How I Did It: Ralph Braun of BraunAbility
As told to Kasey Wehrum
Bound to a wheelchair but not confined by it, he built a $200 million empire.
MOBILITY MAN In the early years of his business, Ralph Braun drove 50,000 miles a year in one of his lift-equipped vans.
GETTING IN GEAR Braun at 22 on his first electric scooter, which he built in his cousin's farm-equipment garage.
Ralph Braun, founder of BraunAbility, has spent his life thumbing his nose at spinal muscular atrophy, the disease that put him in a wheelchair. A born gearhead, Braun got moving again by building a battery-powered scooter and, later, a wheelchair lift for his van. Slowly, he turned these innovations into a business with $200 million in annual sales. Braun eventually closed the scooter business to focus on the lifts. But before he did, Braun made himself a lifetime supply of his scooters. "It's part of my wardrobe to have one of my triwheelers," he says.
I grew up in Winamac, Indiana, out in the middle of the cornfields, you might say. If you draw a straight line between Indianapolis and Chicago and put your finger right in the middle of that line, that's where you'll find Winamac.
When I was 6, I discovered that there was something wrong. I couldn't navigate stairways like the rest of the children in my family. My parents took me to a big children's hospital in Indianapolis, and they diagnosed me with muscular dystrophy. (The diagnosis was later changed to spinal muscular atrophy.) I was 14 years old when I went into a wheelchair. It was pretty traumatic, but I've got my parents to thank for helping me get through it all. My dad would not give up, and he wouldn't let me give up, either.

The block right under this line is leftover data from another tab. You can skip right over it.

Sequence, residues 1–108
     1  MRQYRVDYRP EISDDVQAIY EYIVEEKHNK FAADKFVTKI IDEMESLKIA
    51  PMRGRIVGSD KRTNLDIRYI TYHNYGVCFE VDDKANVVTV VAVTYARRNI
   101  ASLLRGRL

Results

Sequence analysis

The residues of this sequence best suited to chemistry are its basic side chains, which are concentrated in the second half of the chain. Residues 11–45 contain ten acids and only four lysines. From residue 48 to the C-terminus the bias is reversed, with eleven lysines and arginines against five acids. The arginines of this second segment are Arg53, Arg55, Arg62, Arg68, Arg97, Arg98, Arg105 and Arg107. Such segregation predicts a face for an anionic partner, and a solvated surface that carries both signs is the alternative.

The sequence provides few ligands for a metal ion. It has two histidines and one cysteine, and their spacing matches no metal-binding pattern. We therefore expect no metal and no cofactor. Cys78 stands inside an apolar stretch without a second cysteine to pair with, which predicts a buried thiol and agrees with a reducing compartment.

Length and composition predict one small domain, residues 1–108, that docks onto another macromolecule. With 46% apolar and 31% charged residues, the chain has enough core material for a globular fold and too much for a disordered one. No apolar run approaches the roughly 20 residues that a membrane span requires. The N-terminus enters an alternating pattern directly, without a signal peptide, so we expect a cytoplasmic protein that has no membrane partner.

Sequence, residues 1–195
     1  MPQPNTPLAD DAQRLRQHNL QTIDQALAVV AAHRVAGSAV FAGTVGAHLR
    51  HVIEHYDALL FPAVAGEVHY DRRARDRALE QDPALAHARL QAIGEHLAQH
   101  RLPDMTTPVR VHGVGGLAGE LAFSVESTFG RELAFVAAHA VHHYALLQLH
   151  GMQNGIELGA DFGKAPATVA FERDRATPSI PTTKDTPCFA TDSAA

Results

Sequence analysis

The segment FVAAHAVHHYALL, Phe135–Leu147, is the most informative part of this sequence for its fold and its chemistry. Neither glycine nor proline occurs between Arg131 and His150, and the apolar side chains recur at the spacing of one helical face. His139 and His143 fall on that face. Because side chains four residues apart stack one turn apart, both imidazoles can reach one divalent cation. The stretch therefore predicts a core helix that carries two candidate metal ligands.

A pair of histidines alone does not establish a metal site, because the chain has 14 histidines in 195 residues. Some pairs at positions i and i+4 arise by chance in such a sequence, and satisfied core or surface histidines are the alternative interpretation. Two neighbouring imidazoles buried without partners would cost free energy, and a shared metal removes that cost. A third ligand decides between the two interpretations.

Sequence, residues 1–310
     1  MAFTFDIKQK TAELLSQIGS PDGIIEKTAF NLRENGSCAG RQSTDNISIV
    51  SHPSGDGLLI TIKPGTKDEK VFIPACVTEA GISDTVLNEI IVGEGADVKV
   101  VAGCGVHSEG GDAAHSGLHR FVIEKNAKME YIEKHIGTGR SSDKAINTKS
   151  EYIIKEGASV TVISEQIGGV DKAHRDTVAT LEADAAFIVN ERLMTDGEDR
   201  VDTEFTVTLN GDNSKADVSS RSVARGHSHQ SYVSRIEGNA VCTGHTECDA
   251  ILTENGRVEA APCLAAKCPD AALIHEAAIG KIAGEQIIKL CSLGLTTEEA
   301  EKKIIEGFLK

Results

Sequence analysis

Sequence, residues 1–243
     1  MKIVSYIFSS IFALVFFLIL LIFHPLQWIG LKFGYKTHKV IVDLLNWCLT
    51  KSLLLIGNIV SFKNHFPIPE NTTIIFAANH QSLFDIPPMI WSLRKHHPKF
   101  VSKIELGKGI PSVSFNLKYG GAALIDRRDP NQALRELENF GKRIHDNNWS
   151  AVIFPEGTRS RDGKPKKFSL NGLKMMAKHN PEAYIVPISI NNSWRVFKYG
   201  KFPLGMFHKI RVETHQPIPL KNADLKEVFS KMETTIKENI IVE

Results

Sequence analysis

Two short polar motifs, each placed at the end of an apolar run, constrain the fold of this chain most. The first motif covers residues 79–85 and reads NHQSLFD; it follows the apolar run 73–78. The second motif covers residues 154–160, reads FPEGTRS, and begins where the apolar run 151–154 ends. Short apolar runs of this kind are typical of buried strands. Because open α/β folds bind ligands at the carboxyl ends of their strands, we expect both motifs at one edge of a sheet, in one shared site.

When I got out of high school, I attended college at Indiana State for a year, but I had to drop out. The difficulty in trying to navigate the campus in a standard wheelchair was pretty high. So I set out to design a battery-powered scooter. My uncles were all gearheads; they had racecars and motorcycles, and I just hung around them a lot and developed a mechanical aptitude from them. After about three or four months, I came up with my first scooter. I built it in my cousin's garage where he repaired tractor equipment.
Everyone told me it wasn't going to work. But when it comes to commonsense engineering, I'm very blessed. I think it is a God-given ability, because I feel I was sent here to help my cohorts who are disabled get mobility.
I got a job at a local automotive supply factory as a quality control technician. I was able to negotiate the factory very well in my new scooter. On the job, people would see my scooter and tell me that they knew somebody who needed one. I did this for eight or nine years, building them part time until about 1970.
My transportation back then was an old postal truck that I converted using a tailgate off of a pickup truck so that I could drive my scooter right up inside. But when they moved the factory farther away from my home, I had to find something more reliable. It just so happened that in 1970, Dodge came out with a new full-size van that had air conditioning and power steering and all this stuff. It was great.